Texas head coach Tom Herman during the first half/second half of an NCAA college football game Saturday, Oct. 5, 2019, in Morgantown, W.Va. (AP Photo/Raymond Thompson)

Column

Bohls, Golden: Sizing up Texas’ new staff, issues for 2020

Longhorns coach answers questions on the coming season, his new staff and which new face we should all keep an eye on

Posted April 15th, 2020

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American-Statesman columnists Kirk Bohls and Cedric Golden interviewed Texas football coach Tom Herman on Wednesday for their “On Second Thought” podcast. They weigh in on several key UT football topics:

Do you agree with Tom Herman, that there will be a 2020 season?

Bohls: I absolutely do. I think even if the powers that be have to go to a split season stretched over two semesters or a spring-only season, it will still happen. Football’s just that important to the nation’s psyche and athletic department budgets from coast to coast, and will go on even without fans in stadiums.
Golden: Yes, I do because the presidents and athletic directors know that the money will be there whenever they decide to schedule the season. Once the pandemic is contained — whether it’s in May or September — the NCAA will fit its schedule to make sure we have football. That also goes for the other billion-dollar industries of the NBA, MLB and NFL.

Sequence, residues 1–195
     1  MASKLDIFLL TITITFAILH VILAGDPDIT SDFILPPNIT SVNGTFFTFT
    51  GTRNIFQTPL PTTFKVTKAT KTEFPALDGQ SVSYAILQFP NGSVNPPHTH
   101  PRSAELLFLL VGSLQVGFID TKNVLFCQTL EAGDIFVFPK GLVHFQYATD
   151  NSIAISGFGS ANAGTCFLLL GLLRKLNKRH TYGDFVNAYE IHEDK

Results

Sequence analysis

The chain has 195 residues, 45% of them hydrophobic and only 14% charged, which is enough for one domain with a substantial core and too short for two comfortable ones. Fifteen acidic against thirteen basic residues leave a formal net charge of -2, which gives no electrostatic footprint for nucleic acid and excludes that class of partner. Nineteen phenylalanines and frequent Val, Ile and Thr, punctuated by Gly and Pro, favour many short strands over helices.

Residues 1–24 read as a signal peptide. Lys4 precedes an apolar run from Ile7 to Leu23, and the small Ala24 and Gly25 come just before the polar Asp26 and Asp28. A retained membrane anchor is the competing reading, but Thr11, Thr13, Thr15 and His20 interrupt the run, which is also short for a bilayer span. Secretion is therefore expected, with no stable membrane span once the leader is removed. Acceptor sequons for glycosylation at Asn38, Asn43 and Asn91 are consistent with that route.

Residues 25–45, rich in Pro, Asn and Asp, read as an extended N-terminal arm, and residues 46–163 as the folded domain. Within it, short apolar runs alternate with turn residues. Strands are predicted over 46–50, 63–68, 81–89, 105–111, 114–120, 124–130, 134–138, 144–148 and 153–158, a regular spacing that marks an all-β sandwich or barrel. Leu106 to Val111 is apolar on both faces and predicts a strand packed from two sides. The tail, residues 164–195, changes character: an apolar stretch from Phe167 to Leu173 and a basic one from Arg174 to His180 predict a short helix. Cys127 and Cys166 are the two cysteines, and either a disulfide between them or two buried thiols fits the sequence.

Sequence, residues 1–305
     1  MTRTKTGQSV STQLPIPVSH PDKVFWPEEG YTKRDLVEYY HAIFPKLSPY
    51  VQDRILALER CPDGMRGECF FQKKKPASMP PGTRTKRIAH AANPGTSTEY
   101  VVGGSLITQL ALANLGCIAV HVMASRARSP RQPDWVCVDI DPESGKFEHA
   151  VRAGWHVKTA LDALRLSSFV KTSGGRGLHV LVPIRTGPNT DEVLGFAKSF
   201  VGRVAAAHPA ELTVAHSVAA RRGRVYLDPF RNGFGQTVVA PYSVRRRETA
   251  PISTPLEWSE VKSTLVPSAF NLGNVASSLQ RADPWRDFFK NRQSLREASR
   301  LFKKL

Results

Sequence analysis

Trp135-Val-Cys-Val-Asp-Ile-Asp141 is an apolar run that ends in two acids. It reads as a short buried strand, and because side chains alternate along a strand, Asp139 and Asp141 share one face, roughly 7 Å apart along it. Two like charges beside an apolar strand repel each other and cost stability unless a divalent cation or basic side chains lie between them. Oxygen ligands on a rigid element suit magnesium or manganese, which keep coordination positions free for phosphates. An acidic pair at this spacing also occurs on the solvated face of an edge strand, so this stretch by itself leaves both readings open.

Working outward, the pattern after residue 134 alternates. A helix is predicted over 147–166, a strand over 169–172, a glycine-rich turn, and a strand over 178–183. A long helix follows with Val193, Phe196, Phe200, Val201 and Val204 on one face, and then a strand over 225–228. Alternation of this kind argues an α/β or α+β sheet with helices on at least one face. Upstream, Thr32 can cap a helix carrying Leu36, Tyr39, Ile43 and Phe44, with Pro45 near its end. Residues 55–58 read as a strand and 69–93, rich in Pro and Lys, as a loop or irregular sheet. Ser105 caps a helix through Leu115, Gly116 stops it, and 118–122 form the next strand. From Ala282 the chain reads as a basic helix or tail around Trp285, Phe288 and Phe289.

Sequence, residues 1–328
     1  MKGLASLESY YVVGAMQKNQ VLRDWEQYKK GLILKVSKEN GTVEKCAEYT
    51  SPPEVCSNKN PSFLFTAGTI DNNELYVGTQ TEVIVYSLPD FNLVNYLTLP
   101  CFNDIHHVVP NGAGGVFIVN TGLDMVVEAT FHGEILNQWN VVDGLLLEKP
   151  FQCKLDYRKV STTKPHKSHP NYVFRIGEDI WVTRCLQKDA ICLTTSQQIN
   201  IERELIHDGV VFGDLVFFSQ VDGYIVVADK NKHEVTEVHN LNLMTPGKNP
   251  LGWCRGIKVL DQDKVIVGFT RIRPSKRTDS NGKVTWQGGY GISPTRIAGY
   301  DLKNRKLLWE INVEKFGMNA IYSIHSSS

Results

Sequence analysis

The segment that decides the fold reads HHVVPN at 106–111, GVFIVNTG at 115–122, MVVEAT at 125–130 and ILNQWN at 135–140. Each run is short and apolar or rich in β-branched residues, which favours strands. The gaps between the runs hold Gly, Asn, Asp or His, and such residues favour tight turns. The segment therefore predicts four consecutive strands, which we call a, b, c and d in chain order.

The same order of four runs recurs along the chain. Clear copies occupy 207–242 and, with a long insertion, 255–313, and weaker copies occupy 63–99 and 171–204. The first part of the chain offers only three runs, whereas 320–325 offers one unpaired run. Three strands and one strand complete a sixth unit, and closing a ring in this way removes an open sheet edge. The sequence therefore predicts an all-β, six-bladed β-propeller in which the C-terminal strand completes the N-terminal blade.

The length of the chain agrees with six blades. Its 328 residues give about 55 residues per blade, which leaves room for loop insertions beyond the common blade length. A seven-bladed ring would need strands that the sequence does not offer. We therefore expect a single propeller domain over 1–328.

Is he right calling scheduling the biggest inequity in college football?

Bohls: Yes he is, because it’s an unlevel playing field with the Big Ten and the SEC playing just eight conference games and the other three Power Five leagues playing nine. You don’t see one NFL team playing 16 games, but another playing 15. Where’s the fairness?
Golden: Yes, I put it right there with the lack of minority hires for athletic director positions, which really hurts the number of qualified head coaching candidates of color who aren’t getting enough interviews. As for scheduling, if the NCAA ever wants anyone to take the idea of an expanded playoff system seriously, it must fix this lack of uniformity.

Should Herman have reservations about such a big staff turnover?

Bohls: Maybe a little more than he does. He doesn’t seem the least bit worried by a staff with seven new assistants, saying the “impact has been much less than I expected.” He may not have to totally re-establish the culture, but chemistry is built over a long haul, and I feel there has to be some growing pains with so many new faces, especially two new coordinators.